THE European Union has pledged 150bn euros ($170bn) for investment in Africa as it seeks to gain influence on the continent and become its partner of choice.
But the continent’s leaders were hoping for more, including vaccine patent waivers and the redirecting of billions of dollars of potential International Monetary Fund reserves from richer nations to more vulnerable ones to aid their recovery from the coronavirus pandemic.
Most of the money will go to the Global Gateway, Europe’s initiative to rival China’s massive investment plan in the continent and will support health, infrastructure and the fight against climate change over the next seven years.
‘As Africa sets sail on the future, the European Union wants to be Africa’s partner of choice,’ said European Commission President Ursula von der Leyen at the EU-Africa Summit in Brussels. ‘It means remaining an economic partner you can trust and the European Union is the first trading partner and the first investor in Africa.’
But with 12 percent of Africa’s 1.3 billion people fully inoculated so far, the bloc failed to agree to calls to waive patents to allow for the generic production of vaccines and treatments.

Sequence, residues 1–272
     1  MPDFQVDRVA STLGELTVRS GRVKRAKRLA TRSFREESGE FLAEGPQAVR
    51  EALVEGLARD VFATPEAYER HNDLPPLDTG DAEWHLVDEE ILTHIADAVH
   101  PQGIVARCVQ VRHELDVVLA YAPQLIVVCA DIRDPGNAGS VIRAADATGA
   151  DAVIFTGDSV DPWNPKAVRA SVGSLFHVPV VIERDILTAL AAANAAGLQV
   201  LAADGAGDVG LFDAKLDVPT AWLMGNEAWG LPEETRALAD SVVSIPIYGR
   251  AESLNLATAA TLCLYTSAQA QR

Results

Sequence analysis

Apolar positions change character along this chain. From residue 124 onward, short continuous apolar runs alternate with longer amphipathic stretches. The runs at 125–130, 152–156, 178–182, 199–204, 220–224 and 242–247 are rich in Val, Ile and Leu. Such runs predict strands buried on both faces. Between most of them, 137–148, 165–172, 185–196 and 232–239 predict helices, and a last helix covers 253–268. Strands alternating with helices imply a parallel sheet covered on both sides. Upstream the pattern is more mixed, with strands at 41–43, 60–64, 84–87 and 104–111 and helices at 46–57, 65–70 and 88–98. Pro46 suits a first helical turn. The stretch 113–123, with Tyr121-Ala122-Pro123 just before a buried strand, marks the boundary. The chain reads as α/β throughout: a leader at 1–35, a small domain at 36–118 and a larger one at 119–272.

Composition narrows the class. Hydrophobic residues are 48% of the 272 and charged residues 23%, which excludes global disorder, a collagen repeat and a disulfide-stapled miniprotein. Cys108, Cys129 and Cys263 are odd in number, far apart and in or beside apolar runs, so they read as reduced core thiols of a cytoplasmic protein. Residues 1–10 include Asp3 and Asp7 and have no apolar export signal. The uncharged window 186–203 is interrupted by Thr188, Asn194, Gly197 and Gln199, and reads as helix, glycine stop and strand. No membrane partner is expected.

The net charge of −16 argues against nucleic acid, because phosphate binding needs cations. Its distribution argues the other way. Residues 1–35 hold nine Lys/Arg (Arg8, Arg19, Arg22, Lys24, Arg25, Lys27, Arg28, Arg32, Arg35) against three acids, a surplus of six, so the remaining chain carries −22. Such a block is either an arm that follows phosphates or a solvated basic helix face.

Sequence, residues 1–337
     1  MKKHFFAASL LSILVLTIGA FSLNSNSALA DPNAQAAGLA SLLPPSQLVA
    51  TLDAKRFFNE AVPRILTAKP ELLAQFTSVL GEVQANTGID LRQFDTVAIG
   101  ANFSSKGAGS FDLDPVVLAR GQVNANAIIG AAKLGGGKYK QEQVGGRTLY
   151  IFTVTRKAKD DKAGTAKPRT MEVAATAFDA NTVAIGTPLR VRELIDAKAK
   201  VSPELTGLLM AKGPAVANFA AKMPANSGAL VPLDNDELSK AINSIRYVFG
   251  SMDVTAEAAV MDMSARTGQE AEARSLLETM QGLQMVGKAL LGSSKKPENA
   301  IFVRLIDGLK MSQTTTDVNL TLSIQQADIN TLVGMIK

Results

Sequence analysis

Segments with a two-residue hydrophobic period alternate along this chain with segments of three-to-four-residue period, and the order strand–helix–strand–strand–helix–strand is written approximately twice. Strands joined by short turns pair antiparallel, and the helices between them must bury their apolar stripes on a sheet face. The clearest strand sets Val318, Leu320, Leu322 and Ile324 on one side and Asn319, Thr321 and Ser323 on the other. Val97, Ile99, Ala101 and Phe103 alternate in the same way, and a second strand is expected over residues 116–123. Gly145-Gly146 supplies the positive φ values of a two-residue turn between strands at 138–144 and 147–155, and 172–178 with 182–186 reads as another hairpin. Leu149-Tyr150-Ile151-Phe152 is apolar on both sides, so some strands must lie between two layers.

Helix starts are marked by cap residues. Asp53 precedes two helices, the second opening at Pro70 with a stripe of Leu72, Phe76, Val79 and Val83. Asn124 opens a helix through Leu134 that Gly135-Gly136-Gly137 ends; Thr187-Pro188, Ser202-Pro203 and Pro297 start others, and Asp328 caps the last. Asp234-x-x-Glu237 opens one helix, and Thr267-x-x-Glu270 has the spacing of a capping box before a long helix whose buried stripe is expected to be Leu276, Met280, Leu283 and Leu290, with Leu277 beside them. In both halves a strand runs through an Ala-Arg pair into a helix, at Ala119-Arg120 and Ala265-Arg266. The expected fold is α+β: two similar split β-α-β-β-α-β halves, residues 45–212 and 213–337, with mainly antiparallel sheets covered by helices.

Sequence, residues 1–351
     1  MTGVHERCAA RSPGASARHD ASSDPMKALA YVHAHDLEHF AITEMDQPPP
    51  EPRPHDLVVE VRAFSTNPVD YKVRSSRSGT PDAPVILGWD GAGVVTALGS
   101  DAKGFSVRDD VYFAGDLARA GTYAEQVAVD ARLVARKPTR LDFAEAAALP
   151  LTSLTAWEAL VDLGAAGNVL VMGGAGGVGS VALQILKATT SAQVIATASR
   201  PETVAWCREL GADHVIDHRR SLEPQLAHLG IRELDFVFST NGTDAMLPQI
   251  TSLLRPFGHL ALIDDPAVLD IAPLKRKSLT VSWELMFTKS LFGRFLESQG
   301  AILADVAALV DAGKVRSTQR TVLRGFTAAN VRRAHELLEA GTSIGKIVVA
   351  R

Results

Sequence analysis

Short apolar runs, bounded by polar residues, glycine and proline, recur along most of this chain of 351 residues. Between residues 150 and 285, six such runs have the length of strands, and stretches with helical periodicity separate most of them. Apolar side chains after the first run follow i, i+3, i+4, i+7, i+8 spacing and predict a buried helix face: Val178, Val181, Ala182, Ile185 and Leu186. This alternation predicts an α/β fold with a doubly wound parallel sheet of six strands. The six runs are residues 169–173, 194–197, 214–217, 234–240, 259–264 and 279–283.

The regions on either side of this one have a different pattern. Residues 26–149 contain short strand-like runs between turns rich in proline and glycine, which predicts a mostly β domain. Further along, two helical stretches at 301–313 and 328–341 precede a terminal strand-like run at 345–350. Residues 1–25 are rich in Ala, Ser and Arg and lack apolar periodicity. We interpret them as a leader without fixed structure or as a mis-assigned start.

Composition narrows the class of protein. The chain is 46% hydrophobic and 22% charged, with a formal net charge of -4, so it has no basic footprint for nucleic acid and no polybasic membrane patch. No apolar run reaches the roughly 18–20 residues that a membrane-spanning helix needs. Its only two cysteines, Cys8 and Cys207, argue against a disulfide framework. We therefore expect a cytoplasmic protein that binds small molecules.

The issue, under discussion since 2020, may now only be resolved in the next few months, said Senegal President and African Union Chairperson Macky Sall.
Though Von der Leyen did concede it may be necessary to compel drugmakers to share their mRNA technology if Africa is ever to reduce its heavy reliance on the West for life-saving vaccines.
The summit also fell short on a request from African nations to provide them with a bigger slice of reserve assets, called special drawing rights, from the IMF to add to funds worth some $13bn already pledged by EU member states to help emerging and low-income nations deal with mounting debt and Covid-19.
‘We have to mobilise the means needed to meet our commitments, especially on the allocation of the special drawing rights,’ Sall added.